I’m sorry to hear the and hopefully you will have good news. Two of my university friends lost their licences in their early 60s because of medical conditions but one is driving again. The other has moved to a place with a bus that stops outside the door. A couple of older friends are still driving but are now living within a short walk from the town centre.

Thanks for the comments, I also have a bus that stops virtually outside the house. We have a underground train that also links with Liverpool. So we have good transport, but so many questions. The thought of going to the tip in the bus. !!

I have bus envy. 🙂 I have a friend who took early retirement and now drives a minibus to help those who don’t drive. If he knew someone needed to go to the tip he would be round at their house with his car and a trailer. I used to have neighbours who would do anything to help but they are no longer with us or no longer able.

I’m the same, I go through great anxiety when my licence is up for review. I also broke my foot a few years ago and couldn’t drive for several months – it made life incredibly difficult, and I realised then that I would not want to be without a car.

Anne Reed says:
7 February 2019

At age 77, three years ago, I gave my car to a daughter who needed it for her new job and could not afford one herself as she is still paying off debts. I also help with servicing etc costs.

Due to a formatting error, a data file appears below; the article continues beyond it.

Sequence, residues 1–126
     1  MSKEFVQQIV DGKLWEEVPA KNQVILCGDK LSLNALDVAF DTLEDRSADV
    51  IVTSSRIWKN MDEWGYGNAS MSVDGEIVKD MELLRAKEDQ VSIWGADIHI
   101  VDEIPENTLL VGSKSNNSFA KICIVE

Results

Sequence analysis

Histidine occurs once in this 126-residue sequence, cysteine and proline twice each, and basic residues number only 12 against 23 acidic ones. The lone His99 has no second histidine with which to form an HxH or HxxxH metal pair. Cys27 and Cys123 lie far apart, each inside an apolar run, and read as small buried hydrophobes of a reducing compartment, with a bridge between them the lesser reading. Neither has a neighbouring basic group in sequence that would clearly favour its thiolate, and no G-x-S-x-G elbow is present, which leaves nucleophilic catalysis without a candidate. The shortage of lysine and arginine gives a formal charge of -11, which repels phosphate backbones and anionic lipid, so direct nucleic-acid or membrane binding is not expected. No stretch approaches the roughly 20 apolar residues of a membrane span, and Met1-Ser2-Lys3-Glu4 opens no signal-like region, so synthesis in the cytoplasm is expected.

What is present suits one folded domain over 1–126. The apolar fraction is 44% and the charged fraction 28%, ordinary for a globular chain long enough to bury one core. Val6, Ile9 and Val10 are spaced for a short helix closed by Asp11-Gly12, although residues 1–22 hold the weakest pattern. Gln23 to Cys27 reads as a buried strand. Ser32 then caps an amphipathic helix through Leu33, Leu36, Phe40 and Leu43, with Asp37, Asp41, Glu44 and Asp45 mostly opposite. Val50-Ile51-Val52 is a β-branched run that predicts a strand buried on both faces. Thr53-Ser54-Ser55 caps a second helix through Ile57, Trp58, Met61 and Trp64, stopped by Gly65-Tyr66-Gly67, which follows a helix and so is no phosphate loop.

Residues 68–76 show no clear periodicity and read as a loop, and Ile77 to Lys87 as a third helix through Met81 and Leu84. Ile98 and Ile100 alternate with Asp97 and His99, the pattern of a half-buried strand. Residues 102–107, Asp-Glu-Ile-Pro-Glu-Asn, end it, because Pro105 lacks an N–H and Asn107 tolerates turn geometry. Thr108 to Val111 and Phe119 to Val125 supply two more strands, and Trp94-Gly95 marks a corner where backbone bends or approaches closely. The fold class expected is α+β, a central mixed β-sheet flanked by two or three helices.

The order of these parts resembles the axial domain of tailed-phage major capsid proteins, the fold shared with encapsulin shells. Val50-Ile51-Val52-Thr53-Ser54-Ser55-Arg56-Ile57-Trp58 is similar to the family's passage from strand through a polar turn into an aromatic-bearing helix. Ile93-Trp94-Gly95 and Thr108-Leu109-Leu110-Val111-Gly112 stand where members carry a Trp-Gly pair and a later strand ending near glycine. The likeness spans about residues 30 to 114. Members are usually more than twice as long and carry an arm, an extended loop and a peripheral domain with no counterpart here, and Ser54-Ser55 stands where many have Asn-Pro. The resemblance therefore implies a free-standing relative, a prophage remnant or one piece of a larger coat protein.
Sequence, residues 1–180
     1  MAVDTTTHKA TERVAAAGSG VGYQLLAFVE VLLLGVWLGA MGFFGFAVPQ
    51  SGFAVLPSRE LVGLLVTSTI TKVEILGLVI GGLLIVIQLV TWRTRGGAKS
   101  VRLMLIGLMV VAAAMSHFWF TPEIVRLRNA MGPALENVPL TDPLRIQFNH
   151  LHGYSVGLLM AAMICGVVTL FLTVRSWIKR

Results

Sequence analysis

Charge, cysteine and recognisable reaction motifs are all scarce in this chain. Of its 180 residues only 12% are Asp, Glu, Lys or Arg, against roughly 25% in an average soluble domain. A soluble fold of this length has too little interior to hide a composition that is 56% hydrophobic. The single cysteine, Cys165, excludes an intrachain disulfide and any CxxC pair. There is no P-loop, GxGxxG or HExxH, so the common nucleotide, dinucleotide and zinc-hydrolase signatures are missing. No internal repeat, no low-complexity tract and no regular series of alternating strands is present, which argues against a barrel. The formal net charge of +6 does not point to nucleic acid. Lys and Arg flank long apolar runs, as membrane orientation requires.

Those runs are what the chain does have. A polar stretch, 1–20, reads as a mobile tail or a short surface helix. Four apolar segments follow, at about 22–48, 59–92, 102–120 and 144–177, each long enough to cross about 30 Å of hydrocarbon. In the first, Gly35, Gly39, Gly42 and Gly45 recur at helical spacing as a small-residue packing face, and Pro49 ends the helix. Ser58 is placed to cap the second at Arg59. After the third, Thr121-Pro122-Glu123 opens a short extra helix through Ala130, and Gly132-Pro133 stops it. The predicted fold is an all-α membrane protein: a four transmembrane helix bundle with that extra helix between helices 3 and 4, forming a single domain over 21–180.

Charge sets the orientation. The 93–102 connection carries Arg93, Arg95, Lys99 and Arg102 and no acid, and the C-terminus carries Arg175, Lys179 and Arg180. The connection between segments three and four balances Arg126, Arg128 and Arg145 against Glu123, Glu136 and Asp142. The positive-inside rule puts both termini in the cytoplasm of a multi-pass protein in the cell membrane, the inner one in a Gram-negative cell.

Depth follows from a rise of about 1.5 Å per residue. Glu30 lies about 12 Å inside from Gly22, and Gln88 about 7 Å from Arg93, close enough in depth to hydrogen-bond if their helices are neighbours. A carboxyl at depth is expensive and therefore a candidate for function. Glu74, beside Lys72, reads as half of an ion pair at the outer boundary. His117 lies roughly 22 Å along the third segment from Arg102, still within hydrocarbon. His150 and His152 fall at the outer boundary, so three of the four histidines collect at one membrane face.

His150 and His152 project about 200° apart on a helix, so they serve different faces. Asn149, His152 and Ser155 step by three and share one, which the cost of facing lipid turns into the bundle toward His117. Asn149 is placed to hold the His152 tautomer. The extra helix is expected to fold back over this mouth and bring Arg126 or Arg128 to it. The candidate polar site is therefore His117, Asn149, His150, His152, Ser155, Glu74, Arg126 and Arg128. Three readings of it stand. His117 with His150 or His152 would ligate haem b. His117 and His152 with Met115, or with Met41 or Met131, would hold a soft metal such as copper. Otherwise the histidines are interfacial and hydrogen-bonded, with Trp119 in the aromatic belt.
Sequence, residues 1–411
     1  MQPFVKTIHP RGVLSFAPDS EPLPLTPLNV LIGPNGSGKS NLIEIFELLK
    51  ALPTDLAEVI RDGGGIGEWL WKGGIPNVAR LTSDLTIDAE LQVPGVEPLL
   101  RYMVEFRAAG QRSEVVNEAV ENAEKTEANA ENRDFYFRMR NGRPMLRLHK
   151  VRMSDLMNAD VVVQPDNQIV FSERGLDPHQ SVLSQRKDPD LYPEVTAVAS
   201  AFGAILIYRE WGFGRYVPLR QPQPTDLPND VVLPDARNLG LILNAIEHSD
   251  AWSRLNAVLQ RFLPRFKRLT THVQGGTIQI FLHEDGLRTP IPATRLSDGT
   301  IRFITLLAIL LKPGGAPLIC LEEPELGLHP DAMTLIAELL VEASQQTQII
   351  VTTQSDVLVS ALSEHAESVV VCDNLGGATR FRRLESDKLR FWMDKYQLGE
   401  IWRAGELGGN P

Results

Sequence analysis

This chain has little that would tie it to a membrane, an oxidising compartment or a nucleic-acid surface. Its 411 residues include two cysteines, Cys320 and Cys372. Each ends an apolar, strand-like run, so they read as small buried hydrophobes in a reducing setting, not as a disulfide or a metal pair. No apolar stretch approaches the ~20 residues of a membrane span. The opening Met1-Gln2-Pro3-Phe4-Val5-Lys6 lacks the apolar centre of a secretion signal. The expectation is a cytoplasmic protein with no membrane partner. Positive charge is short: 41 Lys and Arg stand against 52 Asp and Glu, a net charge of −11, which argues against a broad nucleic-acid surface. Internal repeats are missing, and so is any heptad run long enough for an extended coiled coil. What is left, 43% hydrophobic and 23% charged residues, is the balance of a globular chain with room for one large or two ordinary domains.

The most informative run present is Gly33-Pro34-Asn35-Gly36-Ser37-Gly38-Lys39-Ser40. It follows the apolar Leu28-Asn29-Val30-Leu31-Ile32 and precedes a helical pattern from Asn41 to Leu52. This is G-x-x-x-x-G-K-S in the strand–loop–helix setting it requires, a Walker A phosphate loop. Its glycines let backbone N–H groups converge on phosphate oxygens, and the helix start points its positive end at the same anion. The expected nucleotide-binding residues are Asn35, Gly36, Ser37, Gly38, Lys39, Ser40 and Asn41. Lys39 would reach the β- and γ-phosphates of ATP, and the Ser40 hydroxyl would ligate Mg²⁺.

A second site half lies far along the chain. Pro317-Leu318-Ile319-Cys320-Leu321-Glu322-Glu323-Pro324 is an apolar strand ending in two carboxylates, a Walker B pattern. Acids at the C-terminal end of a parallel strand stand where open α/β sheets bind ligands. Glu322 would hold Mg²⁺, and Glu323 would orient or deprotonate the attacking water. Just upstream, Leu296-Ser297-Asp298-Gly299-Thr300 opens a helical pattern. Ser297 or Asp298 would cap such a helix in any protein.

It was partly a selfish act, as I had become the family taxi driver, taking this one shopping, that one shopping, another to the dentist, the other one wanted picked up at her home and taken to the station as bags too heavy, etc etc.etc.. I love my family but it was never ending.
I missed the car a little at first but then – what a relief it was. When the phone rings now I answer it in peace and goodwill.
Internet shopping, groceries delivered, local shops 10 minutes walk away , the occasional taxi into town and best of all if I do need a lift when she is not at work – I know the number to ring.

In Summer she says ” Mum shall we all go to the country tomorrow?”. Yes please.
On her days off she says “Mum would you like the car today?” Erm, no thanks.

I don’t even worry about needing it for hospital visits as it costs an arm and a leg to park there that’s if you can even find a space in time and haven’t died from stress before reaching your appointment place.
It’s horses for courses though and many do rely heavily on their cars I know and not all older people are lucky enough to have family live near them.

Wendy Greener says:
7 February 2019